"Their old ad was The Snowman, and our ad last Christmas was the first time An Post changed their ad in about 20 years. It was the start of Christmas for many when that ad came on TV, so it was a big deal to change it. Myself and the copywriter, Sinead Kennedy, came up with the concept, and I was going on maternity leave as we were planning and shooting the ad, so there were lots of meetings around this kitchen table with a newborn baby. I didn't have to, but I wanted to, as we were working on it for it a while; it was my other baby," she says with a laugh.
The baby's name is Karl; Monika and her husband, Frank Long, also have three-year-old Lauren; both children are adorable blondes. The couple met when Monika did a summer internship in her college days at LG Electronics, where Frank worked as a product designer at the time. A year later, they got together romantically and got married in 2008. "Frank's from Tipperary; we have great fun every September when Kilkenny and Tipperary meet in the hurling final, which happens quite a lot," Monika says.
Frank is now a director of Frontend.com, a company which is involved with interaction design. "In its simplest terms. It's about accessibility and usability and online. Frontend recently won an international interaction design award for MyMilkman.ie - bringing the Irish milkman up to date. It was a whole series of website apps and programs that worked together for milkmen - and they won the Grand Prix award at IxDA in San Francisco. One of the judges remarked, 'We don't have milkmen in our country, but after seeing this project, I really want one'. Milkmen are becoming a lot bigger because of the project," she notes.
Monika's artwork has recently centred around motherhood, work and identity - natural preoccupations, considering this engaging artist has had quite a juggling act over the last few years, managing a full-time job - Target McConnells has just won the L'oreal account - her art, two babies, and then, in 2012, a house move when they bought their house in Dublin 6. A red-brick Victorian terraced house, comprising two reception rooms, a kitchen, and four bedrooms, it needed some work.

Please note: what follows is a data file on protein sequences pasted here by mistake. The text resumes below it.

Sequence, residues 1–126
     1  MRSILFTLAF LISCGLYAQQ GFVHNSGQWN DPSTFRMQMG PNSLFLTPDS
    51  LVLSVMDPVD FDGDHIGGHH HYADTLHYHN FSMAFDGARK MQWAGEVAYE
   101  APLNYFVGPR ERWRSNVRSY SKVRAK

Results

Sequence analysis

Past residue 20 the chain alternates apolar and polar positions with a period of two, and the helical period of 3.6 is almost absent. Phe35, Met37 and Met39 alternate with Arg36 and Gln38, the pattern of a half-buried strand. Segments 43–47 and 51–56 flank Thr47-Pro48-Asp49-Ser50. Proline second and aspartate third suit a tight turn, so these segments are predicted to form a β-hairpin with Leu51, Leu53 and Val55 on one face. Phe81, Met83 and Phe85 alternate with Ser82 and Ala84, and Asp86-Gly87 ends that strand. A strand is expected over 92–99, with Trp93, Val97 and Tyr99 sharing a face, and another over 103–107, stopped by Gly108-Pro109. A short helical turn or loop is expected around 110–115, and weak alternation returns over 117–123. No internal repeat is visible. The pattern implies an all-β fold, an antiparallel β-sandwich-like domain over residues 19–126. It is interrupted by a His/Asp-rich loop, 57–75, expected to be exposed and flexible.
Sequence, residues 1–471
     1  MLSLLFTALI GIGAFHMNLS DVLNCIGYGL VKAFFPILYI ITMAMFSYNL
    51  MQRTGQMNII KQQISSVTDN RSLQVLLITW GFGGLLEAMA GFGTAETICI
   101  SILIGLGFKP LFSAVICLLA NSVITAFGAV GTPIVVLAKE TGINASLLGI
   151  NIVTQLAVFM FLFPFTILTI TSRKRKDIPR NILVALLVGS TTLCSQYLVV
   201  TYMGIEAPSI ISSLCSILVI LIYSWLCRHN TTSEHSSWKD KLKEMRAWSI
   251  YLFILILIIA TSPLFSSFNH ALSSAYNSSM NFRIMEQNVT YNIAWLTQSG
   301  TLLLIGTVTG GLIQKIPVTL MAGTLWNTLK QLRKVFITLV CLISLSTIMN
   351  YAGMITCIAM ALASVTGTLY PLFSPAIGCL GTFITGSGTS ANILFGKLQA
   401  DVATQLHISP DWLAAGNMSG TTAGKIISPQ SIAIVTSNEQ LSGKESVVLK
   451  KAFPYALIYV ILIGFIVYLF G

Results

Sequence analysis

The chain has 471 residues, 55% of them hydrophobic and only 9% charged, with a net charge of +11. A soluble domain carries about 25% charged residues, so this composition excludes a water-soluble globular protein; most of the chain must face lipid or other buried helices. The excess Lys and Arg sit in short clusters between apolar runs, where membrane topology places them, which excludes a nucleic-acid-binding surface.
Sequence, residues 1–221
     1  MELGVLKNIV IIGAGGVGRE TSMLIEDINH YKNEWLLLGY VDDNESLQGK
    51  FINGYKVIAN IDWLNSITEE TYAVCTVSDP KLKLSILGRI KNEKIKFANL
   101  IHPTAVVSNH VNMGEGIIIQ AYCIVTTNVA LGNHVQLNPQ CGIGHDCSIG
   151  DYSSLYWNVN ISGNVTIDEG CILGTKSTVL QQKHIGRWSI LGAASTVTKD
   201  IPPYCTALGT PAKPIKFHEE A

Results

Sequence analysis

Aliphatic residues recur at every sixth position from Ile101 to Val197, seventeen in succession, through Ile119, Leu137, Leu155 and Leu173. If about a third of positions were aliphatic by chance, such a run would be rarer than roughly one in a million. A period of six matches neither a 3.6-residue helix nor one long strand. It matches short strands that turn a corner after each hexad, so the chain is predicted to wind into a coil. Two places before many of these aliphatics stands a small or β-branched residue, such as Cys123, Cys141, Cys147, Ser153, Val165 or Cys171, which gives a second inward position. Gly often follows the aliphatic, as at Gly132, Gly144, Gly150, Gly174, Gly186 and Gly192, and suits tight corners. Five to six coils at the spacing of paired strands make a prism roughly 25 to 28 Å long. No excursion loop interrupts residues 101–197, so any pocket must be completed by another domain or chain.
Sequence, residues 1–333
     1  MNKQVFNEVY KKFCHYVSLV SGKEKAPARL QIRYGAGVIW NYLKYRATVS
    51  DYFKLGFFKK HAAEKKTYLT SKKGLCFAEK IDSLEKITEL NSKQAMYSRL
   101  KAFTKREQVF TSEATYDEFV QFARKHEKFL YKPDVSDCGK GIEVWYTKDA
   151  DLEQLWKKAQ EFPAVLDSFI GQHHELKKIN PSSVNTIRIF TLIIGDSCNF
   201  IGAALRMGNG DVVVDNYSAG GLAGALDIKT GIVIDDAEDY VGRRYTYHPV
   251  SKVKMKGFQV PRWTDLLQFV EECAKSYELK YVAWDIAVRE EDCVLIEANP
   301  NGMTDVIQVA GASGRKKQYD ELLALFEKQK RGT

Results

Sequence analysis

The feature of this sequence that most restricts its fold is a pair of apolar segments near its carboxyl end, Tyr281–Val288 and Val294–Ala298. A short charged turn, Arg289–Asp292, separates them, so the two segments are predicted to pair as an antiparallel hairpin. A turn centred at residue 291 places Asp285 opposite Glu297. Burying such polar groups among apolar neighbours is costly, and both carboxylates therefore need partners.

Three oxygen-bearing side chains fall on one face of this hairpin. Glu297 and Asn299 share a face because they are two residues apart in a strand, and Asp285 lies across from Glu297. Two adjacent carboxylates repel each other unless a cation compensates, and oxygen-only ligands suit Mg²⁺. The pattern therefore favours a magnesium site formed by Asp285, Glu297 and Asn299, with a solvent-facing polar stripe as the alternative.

"Work had been done on the house in 2006 and everything was basically fine, but it was cold, so we replaced the old sash windows with new ones," Monika notes, adding that they also replaced the flooring with reclaimed parquet on the ground floor.
Last year, they embarked on a big job, re-organising the layout of the kitchen and making it a large light-filled space. They also renovated the bathroom. They've furnished the house with interesting pieces, including the Arne Jacobsen Egg chair and unusual accessories, but there are some things they haven't got around to.
"We can't agree on chairs for the dining room - we have strong opinions on design," Monika says with a laugh.
Nor have they got around to hanging much of Monika's own art, though a few lovely pieces have made it on to the walls, including a piece that depicts an ice cream wrapper. "I did my second exhibition about ice cream," Monika says. "My father was obsessed with it. No journey could be undertaken without stopping for ice cream, and all six of us and the parents would all be sitting in the car, licking a 99."
It's only fair that Monika's mother also inspired an exhibition. "My first solo show was around my mother's brown bread recipe. It was a huge part of our childhood and she still bakes it. When I was expecting Lauren, I said, 'Give me the recipe', and she sent me a letter with it in it. I felt like it was a real transition moment. I will pass it on to my daughter, and I reproduced the letter in the exhibition." Was her mother thrilled? "Equal parts mortified and thrilled," Monika says.
That's Irish mammies for you.
Monika's art can be viewed at print.ie